“[The] Plaintiff contends that he never engaged in unauthorized employment and qualified for adjustment of status” because “the R-1 employer directed every major facet of the work of [the] Plaintiff, even when he was assigned to conduct religious services at sister [t]emples.” Comp. ¶¶ 14, 16, respectively. He further contends that “[a]nything provided to [him] at those [t]emples would have been provided to any individual who would have visited any of the [t]emples or would have been provided to a Sikh [p]riest as a matter of religious rite following the traditions and tenants of the Sikh religion . . . . [and] did not constitute indicia of employment with the sister [t]emples.” Compl. ¶ 16.

         On three separate occasions, the Plaintiff moved to reopen or reconsider the I-485 Application denial decision. Plaintiff’s first request was granted, and the original denial of the I- 485 Application was affirmed. See Dkt. No. 1-1 at 44-46. USCIS found the Plaintiff’s second motion to reopen or reconsider untimely. It nonetheless stated that “[t]he evidence has been reviewed despite the fact that your motion was received untimely, ” and it rejected the motion. Dkt. No. 1-1 at 56-57. The Plaintiff’s third motion for reconsideration was rejected because it was untimely filed and the Plaintiff “ha[d] given no excusable reason for the delay.” Dkt. No. 1-1 at 1.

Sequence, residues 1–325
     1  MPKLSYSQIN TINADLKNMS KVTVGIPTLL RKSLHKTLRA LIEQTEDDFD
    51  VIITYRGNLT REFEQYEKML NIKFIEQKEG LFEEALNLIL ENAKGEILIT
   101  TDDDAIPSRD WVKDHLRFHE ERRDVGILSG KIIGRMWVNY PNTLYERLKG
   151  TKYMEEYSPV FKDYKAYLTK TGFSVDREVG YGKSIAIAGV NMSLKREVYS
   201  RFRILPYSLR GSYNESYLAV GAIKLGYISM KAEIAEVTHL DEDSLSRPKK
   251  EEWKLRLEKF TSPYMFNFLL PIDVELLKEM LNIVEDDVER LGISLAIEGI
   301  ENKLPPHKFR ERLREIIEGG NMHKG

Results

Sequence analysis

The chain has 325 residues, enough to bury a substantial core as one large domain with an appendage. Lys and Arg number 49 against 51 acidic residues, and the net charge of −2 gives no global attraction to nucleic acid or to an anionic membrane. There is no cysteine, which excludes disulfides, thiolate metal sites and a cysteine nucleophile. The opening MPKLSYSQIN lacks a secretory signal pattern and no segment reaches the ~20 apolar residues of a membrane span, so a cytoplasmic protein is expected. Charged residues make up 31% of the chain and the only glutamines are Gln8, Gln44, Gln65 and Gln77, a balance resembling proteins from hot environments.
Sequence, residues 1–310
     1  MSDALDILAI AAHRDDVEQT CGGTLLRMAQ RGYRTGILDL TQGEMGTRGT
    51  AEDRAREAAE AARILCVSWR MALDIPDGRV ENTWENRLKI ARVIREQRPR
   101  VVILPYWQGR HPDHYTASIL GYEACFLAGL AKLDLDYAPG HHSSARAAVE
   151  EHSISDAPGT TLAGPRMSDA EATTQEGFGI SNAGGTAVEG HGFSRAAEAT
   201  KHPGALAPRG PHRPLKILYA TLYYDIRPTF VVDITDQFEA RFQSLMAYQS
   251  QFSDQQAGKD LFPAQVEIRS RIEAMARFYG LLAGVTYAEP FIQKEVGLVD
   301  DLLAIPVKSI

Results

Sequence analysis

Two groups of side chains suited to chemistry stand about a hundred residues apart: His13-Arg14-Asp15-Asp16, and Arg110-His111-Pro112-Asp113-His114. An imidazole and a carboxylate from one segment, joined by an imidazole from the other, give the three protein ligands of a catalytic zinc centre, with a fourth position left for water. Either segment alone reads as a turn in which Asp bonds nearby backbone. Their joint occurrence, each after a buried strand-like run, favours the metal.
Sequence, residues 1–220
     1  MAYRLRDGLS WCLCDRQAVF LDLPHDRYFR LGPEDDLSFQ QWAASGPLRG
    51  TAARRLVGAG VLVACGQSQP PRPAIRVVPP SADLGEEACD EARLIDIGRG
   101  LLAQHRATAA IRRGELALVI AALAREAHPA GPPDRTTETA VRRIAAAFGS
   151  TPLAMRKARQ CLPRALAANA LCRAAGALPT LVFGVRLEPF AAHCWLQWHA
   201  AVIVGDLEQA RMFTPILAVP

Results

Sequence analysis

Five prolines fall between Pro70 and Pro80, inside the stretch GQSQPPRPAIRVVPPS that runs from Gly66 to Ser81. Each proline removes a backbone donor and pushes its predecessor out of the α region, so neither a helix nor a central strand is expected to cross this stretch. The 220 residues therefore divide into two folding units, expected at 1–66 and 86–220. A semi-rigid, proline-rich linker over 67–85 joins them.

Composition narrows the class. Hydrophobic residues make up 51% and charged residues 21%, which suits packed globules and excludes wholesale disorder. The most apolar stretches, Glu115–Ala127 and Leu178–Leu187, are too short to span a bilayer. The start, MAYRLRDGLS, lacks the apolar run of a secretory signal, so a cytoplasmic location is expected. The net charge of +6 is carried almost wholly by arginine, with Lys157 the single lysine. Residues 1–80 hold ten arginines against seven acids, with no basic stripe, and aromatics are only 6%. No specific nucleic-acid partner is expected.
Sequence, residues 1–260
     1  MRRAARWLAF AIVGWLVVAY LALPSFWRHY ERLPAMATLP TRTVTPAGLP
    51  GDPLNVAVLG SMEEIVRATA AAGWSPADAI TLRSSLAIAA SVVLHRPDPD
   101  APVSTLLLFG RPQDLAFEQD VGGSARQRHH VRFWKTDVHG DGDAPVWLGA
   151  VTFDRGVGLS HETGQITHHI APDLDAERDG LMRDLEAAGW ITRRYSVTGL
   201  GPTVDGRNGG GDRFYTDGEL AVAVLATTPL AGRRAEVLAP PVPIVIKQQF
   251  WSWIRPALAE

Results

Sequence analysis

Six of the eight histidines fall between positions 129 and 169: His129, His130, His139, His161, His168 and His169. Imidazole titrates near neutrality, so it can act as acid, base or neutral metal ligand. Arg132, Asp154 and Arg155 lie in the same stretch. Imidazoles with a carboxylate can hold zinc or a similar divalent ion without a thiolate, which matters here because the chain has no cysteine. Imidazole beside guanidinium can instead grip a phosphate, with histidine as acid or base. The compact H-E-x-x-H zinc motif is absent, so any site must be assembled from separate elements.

On December 4, 2015, the Plaintiff filed his Complaint for declaratory and injunctive relief in this Court. He alleges several claims: (1) his I-485 Application was denied in violation of the APA (Count I); (2) the definition of employment used in denying Religious Workers’ I-485 applications was created in violation of section 706 of the APA and its rulemaking procedures (Count II); (3) “[t]he USCIS creation and application of its own ‘employment’ definition, and its findings and its conclusion that [the] Plaintiff engaged in unauthorized employment” violated his right to the free exercise of religion under the First Amendment (Count III); (4) these same things violated his rights under the Religious Freedom Restoration Act (Count IV); (5) he was denied due process in violation of the Fifth Amendment because the USCIS relied on evidence not presented to the Plaintiff in denying his I-485 Application and also because the issue was not addressed in his most recent motion to reopen the decision on his I-485 Application (Count V);[3] and (6) the Defendants should be estopped from examining whether he engaged in unauthorized employment because the issue was fully addressed when his Form I-360 was approved (Count VI).